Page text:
At the end of September, she engineered a move to have her own chief of staff, B.R. Lane, appointed as interim airport director, a post that had gone vacant when the former director resigned.

That move, questionable at the time because of Lane's lack of aviation experience, is now credited for igniting a turnaround in the project.

"Mayor Karen got the right people in place and got the ball rolling," said Gary Jet Center Owner Wil Davis recently. "And B.R. Lane started it, as far as staying focused on the deal."

Lane, who had formerly worked as a compliance executive for a gaming company in Las Vegas, began demanding accountability from the raft of high-priced consultants involved in the expansion project, including engineering firm and program manager, AECOM.

She also began delivering detailed, realistic monthly reports to the board. That had board members in turn demanding the same kind of accountability of Lane. The mayor also had a hand in the hiring of a new lawyer to negotiate with railroads.

Help in high places

But getting the railroads to finally move their tracks took the direct intervention of U.S. Sen. Joe Donnelly, who convened two meetings with railroads, one at the airport and one at his Washington, D.C., offices.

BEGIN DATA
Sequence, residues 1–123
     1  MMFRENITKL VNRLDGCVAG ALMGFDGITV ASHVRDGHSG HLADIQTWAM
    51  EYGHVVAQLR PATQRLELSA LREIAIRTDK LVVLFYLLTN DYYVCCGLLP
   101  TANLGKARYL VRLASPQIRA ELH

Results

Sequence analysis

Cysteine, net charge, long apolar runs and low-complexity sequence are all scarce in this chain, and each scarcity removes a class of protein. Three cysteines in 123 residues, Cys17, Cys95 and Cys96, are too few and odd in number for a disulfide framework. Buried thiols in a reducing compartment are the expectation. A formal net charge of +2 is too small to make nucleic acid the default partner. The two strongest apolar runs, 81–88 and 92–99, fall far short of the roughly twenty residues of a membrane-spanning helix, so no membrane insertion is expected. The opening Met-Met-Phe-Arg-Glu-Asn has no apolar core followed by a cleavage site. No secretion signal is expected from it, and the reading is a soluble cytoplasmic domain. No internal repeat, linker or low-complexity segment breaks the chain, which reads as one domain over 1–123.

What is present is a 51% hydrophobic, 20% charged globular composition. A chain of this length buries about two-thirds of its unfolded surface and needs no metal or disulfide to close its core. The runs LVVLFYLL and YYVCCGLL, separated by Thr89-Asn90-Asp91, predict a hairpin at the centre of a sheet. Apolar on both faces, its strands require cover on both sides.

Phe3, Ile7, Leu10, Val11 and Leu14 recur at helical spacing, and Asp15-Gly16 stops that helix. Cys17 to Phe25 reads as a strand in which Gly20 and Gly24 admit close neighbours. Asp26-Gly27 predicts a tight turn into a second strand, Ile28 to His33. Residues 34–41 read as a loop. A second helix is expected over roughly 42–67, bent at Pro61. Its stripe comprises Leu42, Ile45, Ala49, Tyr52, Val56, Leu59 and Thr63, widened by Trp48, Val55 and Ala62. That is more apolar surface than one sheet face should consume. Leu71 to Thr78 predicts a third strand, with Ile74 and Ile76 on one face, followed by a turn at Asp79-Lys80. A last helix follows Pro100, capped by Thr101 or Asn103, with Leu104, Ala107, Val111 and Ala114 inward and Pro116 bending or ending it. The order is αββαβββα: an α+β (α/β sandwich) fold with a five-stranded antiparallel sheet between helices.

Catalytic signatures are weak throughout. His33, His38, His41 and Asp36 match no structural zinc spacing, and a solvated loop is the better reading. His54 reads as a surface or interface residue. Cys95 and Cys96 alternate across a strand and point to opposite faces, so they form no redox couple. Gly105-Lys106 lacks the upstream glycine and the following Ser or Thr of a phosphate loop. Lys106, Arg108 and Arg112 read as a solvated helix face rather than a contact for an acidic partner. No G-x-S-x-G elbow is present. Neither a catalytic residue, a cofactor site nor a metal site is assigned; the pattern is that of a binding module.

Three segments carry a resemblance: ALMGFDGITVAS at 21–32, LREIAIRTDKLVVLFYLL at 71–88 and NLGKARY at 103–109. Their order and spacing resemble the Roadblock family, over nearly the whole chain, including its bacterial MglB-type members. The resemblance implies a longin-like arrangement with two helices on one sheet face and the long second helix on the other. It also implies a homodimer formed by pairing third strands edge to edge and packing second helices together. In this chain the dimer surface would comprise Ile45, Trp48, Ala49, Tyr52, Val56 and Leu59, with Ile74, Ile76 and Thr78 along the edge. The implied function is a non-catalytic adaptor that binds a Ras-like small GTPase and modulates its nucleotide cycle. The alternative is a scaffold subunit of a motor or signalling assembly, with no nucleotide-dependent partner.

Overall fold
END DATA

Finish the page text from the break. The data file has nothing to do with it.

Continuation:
Last week, the mayor said Donnelly, a Democrat, told the railroads: "This is important to the city of Gary. This is important to me. Mayor, tell them what has to be done."

Those negotiations, stalled for years, had become the largest impediment to completing the runway expansion. Successful negotiations were essential, because they would allow the airport to finally take down the 38-foot high embankment that carried Canadian National trains into Kirk Yard to the north.

But even once the airport spent $28.7 million to build new tracks for Canadian National near Cline Avenue, a project essentially complete in June 2013, the berm still stood and the tracks were not moved.

But on Oct. 24, 2014, after more lengthy negotiations, the breakthrough finally came. The airport authority by a 4-0 vote on that day approved a land swap with Canadian National that put the berm into its hands.

"The berm is coming down," said Airport Authority Vice President James Cooper.